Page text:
changeling: (sick)
I'm suffering rather at the moment from what my folkie friends and I have been calling Typhoid Kevan. Kevan came to the National Folk Festival (over the Easter weekend) with some sort of nasty respiratory infection and spread it around with every affectionate bear hug he gave, and he gave a lot. So I missed the last night of the festival because I was in bed by eight (but Cherie and I watched the first episode of the new season of Doctor Who together, so that was something).

The next day I had to help pack up camp and drive home with Jus – he kindly did most of the eightish hours' drive, though. I did about an hour and a half. Let me tell you: when you're feeling sick and wobbly, the last thing you want to do is stand in the cold and pull up tent pegs.

So then I stayed at home for two days. It was nice apart from a serious attack of Guilt from my Guilt Gnome, who doesn't really believe that I'm allowed to take sick leave, and is afraid that I'm going to be fired for it. There are Reasons for this, unfortunately, but I wasn't really feeling up to having a monster conversation with him/her/it about it yesterday.

Today I'm back at work. I have lots of things on my plate at the moment, the most immediate of which is processing our Annual Reprints. I came in to a desk entirely covered in the sodding things. Piles of textbooks, all with print-outs of corrections in place.

The interesting thing about reprints is that all the pages I have to check pretty much look the same. Some of them are printed and some of them are emailed PDFs, but the corrections should just look like the printed book except fixed. So if someone leaves a pile of books on my desk with no note and pages inside, I'm going to check them against the marked up book and notate my spreadsheet.

Guess what! The piles were just the reprints guy leaving a bunch of books I'd already done two weeks ago on my desk! AWESOME. Just wasted my morning.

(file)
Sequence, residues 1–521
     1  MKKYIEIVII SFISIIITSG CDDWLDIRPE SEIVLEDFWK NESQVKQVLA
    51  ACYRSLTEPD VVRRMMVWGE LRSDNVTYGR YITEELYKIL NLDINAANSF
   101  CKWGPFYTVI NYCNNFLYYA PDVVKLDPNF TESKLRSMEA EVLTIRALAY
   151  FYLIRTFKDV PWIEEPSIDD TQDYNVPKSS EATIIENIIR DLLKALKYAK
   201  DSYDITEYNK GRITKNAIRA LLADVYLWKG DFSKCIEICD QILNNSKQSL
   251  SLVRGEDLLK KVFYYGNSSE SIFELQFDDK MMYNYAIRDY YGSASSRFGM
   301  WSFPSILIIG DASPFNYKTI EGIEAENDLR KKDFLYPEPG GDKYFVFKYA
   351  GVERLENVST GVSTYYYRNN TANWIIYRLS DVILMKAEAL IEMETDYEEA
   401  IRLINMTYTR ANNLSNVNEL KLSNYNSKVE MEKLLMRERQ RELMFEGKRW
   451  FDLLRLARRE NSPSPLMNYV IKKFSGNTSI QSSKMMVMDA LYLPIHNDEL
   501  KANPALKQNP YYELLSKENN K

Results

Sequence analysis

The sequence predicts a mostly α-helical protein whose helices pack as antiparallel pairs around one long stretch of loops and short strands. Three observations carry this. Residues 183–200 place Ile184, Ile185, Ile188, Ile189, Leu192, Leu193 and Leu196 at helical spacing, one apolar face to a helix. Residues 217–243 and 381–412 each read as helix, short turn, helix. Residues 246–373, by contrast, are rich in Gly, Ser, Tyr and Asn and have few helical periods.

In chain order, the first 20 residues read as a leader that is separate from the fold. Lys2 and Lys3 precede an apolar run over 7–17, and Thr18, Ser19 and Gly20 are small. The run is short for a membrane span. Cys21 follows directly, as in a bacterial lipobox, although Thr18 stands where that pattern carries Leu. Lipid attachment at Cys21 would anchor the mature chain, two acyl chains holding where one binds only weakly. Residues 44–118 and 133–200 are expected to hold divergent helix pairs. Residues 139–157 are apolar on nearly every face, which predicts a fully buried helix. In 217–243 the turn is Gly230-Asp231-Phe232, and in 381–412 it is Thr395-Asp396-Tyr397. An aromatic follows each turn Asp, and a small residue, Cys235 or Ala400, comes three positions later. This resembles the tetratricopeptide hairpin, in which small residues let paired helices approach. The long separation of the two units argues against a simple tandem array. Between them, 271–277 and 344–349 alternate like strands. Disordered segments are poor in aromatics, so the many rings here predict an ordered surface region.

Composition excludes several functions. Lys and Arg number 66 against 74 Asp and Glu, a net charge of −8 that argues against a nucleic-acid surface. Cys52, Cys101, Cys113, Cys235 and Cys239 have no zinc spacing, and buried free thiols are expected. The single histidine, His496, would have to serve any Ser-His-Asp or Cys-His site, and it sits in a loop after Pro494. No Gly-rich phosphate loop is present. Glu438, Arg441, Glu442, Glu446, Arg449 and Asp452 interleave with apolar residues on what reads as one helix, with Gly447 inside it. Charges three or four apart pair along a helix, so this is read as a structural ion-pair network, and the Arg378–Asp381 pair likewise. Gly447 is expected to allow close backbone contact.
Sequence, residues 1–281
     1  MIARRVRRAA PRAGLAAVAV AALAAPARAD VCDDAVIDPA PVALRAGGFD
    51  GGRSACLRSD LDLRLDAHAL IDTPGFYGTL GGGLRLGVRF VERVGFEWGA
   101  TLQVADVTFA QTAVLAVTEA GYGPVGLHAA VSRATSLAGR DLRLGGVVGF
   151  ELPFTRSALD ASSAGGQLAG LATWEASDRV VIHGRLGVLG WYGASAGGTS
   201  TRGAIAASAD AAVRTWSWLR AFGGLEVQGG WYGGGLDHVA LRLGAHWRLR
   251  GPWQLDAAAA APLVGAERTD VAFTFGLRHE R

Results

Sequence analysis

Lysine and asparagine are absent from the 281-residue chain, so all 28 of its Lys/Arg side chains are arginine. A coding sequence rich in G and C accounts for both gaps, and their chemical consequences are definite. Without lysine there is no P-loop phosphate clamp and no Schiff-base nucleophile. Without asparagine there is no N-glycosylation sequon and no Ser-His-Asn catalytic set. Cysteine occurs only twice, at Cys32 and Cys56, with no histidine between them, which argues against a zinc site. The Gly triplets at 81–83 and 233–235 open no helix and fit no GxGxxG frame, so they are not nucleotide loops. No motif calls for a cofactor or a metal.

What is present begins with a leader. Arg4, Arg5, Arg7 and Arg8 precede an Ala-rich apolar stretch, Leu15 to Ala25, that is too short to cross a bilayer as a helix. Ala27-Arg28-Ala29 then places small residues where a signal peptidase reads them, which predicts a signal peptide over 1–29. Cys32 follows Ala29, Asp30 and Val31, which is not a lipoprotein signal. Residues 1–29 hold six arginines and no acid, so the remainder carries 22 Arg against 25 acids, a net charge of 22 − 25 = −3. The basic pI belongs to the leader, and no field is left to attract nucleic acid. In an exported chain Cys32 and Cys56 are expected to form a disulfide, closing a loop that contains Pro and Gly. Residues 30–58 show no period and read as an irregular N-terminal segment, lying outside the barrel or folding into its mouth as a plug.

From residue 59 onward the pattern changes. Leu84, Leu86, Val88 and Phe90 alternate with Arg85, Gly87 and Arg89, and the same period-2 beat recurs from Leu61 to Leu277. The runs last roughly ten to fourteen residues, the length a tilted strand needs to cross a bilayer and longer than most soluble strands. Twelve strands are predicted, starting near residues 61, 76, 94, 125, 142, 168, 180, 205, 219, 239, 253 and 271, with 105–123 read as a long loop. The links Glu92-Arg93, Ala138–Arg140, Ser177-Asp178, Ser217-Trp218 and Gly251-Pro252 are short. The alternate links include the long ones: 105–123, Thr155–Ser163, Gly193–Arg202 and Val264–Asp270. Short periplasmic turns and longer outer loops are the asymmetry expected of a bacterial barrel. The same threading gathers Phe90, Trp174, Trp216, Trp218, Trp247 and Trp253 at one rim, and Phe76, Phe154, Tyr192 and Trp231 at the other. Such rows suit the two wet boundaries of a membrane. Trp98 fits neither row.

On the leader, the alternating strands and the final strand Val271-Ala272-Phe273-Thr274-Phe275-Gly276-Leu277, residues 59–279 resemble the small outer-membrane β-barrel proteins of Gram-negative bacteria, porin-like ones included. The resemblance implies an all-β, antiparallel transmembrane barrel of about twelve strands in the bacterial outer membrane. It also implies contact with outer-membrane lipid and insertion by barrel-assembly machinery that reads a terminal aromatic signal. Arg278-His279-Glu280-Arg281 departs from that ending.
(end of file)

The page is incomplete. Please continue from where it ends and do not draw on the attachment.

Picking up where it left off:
I would like to go back to bed now, please.
changeling: (Default)
So, I'm editing today, right? And I have my big mo-fo of a dictionary (Macquarie Dictionary, fourth edition) on the table beside me. It's 1676 pages long, hardback, and heavier than Nicole Richie (ooh, unexpected almost-current event joke). It's one of the two "approved" dictionaries for Australian use (the other being the OED). The Macquarie prides itself of being "by Australians, for Australians", and including Australian slang, sayings and people. Most of my (Australian) friends who are editors eschew it for its preference of American spellings over British*.

While looking up "bulimia" for the style sheet, I came across the word "bullrush", which referred me to British bulldog, a game I had played as a child. Always inquisitive about the definitions of others, I flicked back (well, turned the large and thin pages carefully). This is the definition:

British bulldog Pronunciation guide I can't be bothered looking up the ASCII for noun a children's game in which a group of children run repeatedly through an area guarded by the other children, those who are caught each time joining forces with their catchers [ed: why not use "captors"? Much better term. More dramatic] until only one child remains uncaught and is the victor. [stupid run-on sentence theirs]

Well, excuse me, but that is not the British bulldog I played. That sounds more like Octopus (though in that game everyone who is "it" joins hands rather than merely forces and forms a wall across the playing area). In British bulldog, players attempt to run from one side of the field to the other, with the "it" players being in the middle. When a player is caught, s/he has to be physically subdued to the ground with tripping, violence or wrestling, and afterwards joins the "it" players. It was generally banned in schools due to its brutality.

Don't sanitise my childhood games.





* Such as -ize rather than -ise, and giving equal weighting to colour and color, the latter of which is certainly not reflected in, say, Australian media.




Still to come:
A post on naughty bits.

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